Athletes and people getting in shape need to choose the foods in their diet carefully to maximize muscle recovery and increase athletic performance. However, many fail to realize that diet impacts much more than just athletic abilities and weight — food affects your emotional state, mental acuity and energy levels. Proper nutrition is crucial for optimal performance in all aspects of daily life, work included.

You wouldn’t know this by looking around the office, though. Most workplace lunches consist of greasy foods or refined carbohydrates such as pastas, sandwiches loaded with cheese and mayo, or sometimes nothing but a cola and some vending machine picks. Offices that are kind enough to provide free food and drink often offer stimulants such as soda and coffee, as well as refined carbohydrates and sugars like bagels, donuts, cereal and granola bars. While these foods may be comforting to some extent, alleviating stress with their serotonin-producing combination of refined carbohydrates, sugar, fat, and/or salt, they also dim your mental sharpness and energy levels.

How diet affects work performance

According to nutrition expert Clyde Wilson, it all comes down to biology and how your body handles different foods. Your brain runs pretty much exclusively on glucose, so contrary to the low carb diets gaining popularity in the media, the best diet for mental performance will actually include some healthy carbohydrates (think fruits, vegetables, and legumes) in order to supply the brain with the energy it needs to perform optimally.

However, while foods like refined cereals, bagels, granola bars, pastas and breads offer glucose in the form of easily digested starches and sugars, the fact that they contain an abundance of rapidly digesting carbohydrates actually backfires, because your body can’t use the flood of glucose all at once. Instead, these foods release a lot of insulin into your bloodstream, triggering your fat cells to soak up the glucose calories not being used and to store them as fat. To add insult to injury, the insulin your body does release actually clears most of the glucose from your bloodstream, leaving very little for your brain to run on. The result? You end up craving more carbohydrates to fuel your brain, and the cycle continues.

A poor diet can also negatively impact your mood. The insulin spike that results from eating refined starches and sugars can leave you with low blood sugar, which adversely affects your emotions and ability to think quickly and clearly. Furthermore, according to U.S. News and World Report, diets that are low in specific nutrients such as iron, B vitamins, and Omega-3 fatty acids can lead to depressed moods and low energy levels. As we all know the importance of keeping our emotions on an even keel in the office, it seems in your best interest to consume a diet that provides all the necessary nutrients for you to excel.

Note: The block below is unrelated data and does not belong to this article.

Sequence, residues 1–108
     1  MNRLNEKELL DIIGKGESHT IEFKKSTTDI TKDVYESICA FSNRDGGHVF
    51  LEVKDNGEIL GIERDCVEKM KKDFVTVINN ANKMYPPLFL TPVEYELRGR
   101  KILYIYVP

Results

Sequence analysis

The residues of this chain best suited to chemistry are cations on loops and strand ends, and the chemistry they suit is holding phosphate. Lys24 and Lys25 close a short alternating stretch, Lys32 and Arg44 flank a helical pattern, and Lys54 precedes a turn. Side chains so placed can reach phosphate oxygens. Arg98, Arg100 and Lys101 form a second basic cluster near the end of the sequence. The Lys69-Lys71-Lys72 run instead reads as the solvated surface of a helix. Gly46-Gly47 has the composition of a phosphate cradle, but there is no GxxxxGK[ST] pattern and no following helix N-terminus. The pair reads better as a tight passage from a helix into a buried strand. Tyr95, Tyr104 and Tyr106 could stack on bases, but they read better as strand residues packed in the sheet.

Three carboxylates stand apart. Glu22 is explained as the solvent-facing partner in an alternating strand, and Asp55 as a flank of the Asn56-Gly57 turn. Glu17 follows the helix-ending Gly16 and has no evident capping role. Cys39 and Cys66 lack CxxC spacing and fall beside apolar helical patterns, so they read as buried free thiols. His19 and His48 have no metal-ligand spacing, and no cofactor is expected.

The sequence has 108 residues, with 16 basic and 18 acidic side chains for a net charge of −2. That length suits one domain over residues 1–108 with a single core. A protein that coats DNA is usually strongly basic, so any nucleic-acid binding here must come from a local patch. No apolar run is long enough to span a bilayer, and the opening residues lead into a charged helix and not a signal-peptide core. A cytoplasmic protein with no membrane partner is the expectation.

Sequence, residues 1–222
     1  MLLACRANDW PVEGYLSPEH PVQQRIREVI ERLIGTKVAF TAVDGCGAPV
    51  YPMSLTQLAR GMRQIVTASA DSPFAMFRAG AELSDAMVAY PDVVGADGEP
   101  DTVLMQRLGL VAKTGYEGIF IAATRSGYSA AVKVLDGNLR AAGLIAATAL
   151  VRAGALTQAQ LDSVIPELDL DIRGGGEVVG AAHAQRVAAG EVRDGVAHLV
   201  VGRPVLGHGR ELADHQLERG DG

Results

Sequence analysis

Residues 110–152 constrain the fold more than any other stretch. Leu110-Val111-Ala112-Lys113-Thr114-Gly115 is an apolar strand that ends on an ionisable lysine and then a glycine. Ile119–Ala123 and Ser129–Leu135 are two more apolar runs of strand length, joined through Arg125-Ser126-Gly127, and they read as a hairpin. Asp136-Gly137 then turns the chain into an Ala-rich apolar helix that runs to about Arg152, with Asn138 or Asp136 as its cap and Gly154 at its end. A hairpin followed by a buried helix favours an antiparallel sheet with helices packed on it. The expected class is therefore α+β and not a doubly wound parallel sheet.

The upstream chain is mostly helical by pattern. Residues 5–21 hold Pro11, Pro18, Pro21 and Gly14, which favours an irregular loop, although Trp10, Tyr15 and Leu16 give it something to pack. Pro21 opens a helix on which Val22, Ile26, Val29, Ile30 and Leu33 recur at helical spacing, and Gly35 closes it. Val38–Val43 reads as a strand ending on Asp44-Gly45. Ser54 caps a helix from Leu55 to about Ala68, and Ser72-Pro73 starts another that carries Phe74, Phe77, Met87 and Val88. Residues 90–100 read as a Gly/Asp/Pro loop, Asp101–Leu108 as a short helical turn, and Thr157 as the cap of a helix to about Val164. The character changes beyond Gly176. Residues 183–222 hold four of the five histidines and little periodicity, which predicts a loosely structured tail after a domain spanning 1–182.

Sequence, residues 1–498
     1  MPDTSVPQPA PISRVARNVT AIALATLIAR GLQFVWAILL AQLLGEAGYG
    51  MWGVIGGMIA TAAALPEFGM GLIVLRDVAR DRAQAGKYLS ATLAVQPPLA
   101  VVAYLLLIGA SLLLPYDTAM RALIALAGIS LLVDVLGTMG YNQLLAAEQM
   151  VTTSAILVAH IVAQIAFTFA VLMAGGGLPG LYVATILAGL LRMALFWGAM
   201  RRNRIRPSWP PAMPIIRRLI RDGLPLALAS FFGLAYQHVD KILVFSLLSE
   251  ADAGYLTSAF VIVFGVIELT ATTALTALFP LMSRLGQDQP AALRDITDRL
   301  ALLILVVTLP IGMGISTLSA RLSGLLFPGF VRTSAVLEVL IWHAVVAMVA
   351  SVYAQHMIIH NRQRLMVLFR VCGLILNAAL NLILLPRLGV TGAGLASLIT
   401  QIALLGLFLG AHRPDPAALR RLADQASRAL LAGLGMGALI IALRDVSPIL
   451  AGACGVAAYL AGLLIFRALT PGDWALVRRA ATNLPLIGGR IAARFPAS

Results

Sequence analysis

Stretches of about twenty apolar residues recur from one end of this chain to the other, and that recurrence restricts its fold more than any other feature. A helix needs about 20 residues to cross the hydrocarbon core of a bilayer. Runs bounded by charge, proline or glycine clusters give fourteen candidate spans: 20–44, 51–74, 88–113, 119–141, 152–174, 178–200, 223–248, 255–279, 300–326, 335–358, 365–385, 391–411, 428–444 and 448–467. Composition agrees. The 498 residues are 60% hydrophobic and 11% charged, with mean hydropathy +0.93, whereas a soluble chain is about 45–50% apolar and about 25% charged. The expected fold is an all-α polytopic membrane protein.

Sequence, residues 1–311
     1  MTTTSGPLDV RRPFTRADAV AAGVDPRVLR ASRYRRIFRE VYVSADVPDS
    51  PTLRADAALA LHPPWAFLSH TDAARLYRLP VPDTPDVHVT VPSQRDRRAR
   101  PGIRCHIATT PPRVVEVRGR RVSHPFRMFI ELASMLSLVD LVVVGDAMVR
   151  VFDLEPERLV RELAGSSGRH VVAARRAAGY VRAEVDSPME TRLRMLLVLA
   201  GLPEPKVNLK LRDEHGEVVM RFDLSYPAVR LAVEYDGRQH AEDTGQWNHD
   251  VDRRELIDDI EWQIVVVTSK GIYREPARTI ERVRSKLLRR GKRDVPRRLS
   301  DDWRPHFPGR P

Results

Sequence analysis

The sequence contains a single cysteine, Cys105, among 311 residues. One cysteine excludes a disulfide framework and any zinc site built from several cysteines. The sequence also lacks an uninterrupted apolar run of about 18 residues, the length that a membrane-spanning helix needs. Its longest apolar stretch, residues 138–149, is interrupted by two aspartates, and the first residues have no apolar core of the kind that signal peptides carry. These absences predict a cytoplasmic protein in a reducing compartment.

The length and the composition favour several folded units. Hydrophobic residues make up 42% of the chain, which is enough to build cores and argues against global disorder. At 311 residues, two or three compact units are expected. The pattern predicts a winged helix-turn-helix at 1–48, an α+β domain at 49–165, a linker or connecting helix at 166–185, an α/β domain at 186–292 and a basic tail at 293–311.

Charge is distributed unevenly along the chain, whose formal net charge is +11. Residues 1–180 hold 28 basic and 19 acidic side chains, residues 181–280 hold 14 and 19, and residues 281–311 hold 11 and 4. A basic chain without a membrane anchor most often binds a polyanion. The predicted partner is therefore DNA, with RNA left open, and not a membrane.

Tips for eating on the clock

Making sure you eat healthy during the workday can enhance your focus and increase your energy, giving you the edge you need to tackle everything on your plate. Here are some simple but high-impact steps you can take to boost your mood and productivity:

Eat leafy green vegetables. Leafy green vegetables are some of the healthiest foods you can eat, for a variety of important reasons. Firstly, according to Clyde Wilson and Prevention magazine, non-starchy green vegetables help slow the digestion of starchy carbohydrates — both refined and unrefined varieties. When the digestion of these carbohydrates is slowed, that means your brain and muscles can use them more readily for energy, and your body won’t release as much insulin to store the excess glucose circulating in your bloodstream. Additionally, leafy greens contain compounds that may play an important role in fighting various cancers, boosting your mood, and protecting against various diseases such as heart disease and diabetes.

Get enough iron. Iron is essential for energy because it is a primary component of hemoglobin, the protein that carries oxygen within the body’s red blood cells to be transported to different parts of the body. Iron deficiency has been linked to decreased cognitive functioning for adults and children alike. Instead of taking supplements (which aren’t as readily absorbed and can be dangerous in large quantities), try adding more iron-rich foods into your diet, such as lean beef, dark meat chicken, tofu, legumes, and dark green vegetables.

Eat enough healthy fats. According to the Los Angeles Times, registered dietitian Elizabeth Somers explains in her book “Eat Your Way To Happiness” how omega-3 fatty acids are essential to proper brain function and mood regulation. In fact, according to Health magazine, deficiencies in omega-3 fatty acids may contribute to the prevalence of depression in America. Get a regular dose of omega-3 through fish, fish oil supplements (search for brands that are well known for low mercury levels), flax seeds or walnuts.

Don’t overdo the caffeine. While small amounts of caffeine may boost your alertness and metabolism, it can also increase your aggressiveness, writes Travis Bradberry of Forbes. In addition, a study by Johns Hopkins Medical School found that the increased cognitive performance experienced after consuming caffeine is generally an illusion, as this “boost” is really the caffeine bringing you back to a baseline level of performance. In other words, if you’re hooked on caffeine and don’t have your fix during the day, you’ll actually be performing below your normal productivity levels.

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